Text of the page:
Amdt14.S1.9.5 Housing

Fourteenth Amendment, Section 1:

All persons born or naturalized in the United States, and subject to the jurisdiction thereof, are citizens of the United States and of the State wherein they reside. No State shall make or enforce any law which shall abridge the privileges or immunities of citizens of the United States; nor shall any State deprive any person of life, liberty, or property, without due process of law; nor deny to any person within its jurisdiction the equal protection of the laws.

Buchanan v. Warley1 invalidated an ordinance that prohibited colored people from occupying houses in blocks where the greater number of houses were occupied by any white person and that prohibited white people from living on blocks where the greater number of houses were occupied by colored people. Although racially restrictive covenants do not themselves violate the Equal Protection Clause, the judicial enforcement of them, either by injunctive relief or through entertaining damage actions, does. 2 Referendum passage of a constitutional amendment repealing a fair housing law and prohibiting further state or local action in that direction was held unconstitutional in Reitman v. Mulkey, 3 though on somewhat ambiguous grounds, whereas a state constitutional requirement that decisions of local authorities to build low-rent housing projects in an area must first be submitted to referendum, although other similar decisions were not so limited, was found not to violate the Equal Protection Clause. 4 Private racial discrimination in the sale or rental of housing is subject to two federal laws prohibiting most such discrimination. 5 Provision of publicly assisted housing, of course, must be on a nondiscriminatory basis. 6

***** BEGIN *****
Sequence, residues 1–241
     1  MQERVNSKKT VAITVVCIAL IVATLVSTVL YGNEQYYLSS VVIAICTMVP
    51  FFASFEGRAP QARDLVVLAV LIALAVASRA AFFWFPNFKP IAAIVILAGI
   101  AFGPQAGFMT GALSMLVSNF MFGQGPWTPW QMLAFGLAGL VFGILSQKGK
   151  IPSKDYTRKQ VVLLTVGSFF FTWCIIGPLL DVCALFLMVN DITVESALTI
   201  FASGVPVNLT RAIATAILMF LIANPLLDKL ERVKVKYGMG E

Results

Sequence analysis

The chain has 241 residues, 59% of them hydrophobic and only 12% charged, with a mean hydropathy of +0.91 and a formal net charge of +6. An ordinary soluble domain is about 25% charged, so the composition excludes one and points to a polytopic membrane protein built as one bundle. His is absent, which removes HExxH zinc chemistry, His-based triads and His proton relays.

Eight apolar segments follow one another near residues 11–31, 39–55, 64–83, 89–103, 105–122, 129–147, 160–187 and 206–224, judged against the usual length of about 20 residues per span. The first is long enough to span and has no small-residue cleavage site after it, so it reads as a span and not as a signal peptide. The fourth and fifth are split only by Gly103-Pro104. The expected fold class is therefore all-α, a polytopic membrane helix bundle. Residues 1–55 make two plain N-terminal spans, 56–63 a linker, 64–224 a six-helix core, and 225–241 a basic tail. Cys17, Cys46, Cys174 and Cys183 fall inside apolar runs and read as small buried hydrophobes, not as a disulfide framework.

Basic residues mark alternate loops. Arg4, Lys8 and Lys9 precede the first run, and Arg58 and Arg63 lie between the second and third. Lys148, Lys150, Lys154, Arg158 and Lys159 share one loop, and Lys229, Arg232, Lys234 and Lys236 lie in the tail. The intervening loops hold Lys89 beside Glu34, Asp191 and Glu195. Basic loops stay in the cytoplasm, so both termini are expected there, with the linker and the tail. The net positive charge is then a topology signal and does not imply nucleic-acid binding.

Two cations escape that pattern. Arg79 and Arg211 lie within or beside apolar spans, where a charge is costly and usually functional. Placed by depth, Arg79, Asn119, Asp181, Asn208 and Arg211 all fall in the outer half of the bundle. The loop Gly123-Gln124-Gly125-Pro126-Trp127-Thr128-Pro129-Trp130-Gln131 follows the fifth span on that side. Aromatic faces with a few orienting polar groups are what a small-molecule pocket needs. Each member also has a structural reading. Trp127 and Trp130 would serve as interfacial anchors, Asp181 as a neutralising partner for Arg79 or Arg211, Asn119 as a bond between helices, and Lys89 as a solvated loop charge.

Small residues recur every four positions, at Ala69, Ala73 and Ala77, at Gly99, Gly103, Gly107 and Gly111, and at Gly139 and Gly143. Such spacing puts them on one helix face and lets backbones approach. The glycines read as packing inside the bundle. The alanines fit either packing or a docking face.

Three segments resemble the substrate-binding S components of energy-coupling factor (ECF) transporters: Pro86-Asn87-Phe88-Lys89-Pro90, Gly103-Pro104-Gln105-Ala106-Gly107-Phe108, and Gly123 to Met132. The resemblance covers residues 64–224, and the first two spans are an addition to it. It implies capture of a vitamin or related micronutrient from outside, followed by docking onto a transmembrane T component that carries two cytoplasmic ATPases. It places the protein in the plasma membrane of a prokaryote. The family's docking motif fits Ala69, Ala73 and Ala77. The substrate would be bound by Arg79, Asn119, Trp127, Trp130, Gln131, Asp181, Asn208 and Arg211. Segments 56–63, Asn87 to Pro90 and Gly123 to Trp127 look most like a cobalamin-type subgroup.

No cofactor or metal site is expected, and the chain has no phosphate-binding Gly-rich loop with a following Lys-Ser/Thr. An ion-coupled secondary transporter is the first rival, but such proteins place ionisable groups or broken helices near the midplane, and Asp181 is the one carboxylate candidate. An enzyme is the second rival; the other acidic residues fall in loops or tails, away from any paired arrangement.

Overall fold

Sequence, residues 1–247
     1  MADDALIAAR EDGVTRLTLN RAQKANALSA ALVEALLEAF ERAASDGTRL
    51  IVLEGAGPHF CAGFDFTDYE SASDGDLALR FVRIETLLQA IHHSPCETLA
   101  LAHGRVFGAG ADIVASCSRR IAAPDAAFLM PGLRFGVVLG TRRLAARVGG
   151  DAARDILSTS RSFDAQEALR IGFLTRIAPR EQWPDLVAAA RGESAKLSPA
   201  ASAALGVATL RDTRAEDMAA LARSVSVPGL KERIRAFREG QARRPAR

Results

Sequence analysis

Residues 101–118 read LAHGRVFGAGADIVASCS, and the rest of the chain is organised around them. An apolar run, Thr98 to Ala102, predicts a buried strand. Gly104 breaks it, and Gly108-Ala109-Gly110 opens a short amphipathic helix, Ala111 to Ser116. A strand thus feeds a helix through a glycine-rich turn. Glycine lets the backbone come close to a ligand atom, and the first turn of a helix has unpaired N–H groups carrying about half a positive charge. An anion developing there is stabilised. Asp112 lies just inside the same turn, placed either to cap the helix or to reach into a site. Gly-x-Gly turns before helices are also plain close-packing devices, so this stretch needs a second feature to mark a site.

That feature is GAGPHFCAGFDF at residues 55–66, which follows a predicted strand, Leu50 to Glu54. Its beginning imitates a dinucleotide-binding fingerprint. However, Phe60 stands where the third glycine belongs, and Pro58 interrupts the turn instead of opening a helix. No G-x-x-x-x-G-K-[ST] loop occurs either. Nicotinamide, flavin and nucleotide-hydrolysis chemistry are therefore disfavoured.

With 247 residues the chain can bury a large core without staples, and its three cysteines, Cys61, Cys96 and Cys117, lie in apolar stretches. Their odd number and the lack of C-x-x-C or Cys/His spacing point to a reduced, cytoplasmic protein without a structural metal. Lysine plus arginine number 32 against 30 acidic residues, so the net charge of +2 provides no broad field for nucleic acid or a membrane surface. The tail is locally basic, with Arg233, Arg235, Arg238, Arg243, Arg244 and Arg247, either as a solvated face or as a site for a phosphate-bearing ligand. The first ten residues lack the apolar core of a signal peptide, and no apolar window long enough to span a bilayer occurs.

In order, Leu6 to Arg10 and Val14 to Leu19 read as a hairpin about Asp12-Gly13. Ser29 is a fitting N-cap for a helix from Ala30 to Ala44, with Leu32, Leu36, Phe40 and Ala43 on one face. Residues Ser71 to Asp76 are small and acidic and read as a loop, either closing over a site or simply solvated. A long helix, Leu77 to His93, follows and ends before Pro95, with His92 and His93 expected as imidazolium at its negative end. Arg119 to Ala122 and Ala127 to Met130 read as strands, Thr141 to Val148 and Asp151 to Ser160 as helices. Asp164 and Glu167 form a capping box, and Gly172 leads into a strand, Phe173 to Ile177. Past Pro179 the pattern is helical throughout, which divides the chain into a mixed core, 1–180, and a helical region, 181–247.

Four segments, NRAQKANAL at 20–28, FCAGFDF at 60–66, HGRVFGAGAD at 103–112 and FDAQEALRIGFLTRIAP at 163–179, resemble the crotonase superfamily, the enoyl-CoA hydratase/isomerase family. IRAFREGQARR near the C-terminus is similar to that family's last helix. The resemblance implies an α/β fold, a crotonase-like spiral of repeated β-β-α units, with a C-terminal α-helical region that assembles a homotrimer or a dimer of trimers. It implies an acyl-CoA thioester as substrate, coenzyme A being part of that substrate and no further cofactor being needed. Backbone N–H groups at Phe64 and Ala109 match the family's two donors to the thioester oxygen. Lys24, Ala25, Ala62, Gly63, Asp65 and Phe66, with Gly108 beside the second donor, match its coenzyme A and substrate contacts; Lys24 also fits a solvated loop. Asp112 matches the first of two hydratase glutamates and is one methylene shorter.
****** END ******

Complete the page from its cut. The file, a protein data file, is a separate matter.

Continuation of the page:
Footnotes

  1.  245 U.S. 60 (1917). See also Harmon v. Tyler, 273 U.S. 668 (1927); Richmond v. Deans, 281 U.S. 704 (1930).
  2.  Shelley v. Kraemer, 334 U.S. 1 (1948); Hurd v. Hodge, 334 U.S. 24 (1948); Barrows v. Jackson, 346 U.S. 249 (1953). Cf. Corrigan v. Buckley, 271 U.S. 323 (1926).
  3.  387 U.S. 369 (1967).
  4.  James v. Valtierra, 402 U.S. 137 (1971). The Court did not perceive that either on its face or as applied the provision was other than racially neutral. Justices Marshall, Brennan, and Blackmun dissented. Id. at 143.
  5.  Civil Rights Act of 1866, 14 Stat. 27, 42 U.S.C. § 1982, see Jones v. Alfred H. Mayer Co., 392 U.S. 409 (1968), and Title VIII of the Civil Rights Act of 1968 (the Fair Housing Act), 82 Stat. 73, 42 U.S.C. §§ 3601 et seq.
  6.  See Hills v. Gautreaux, 425 U.S. 284 (1976).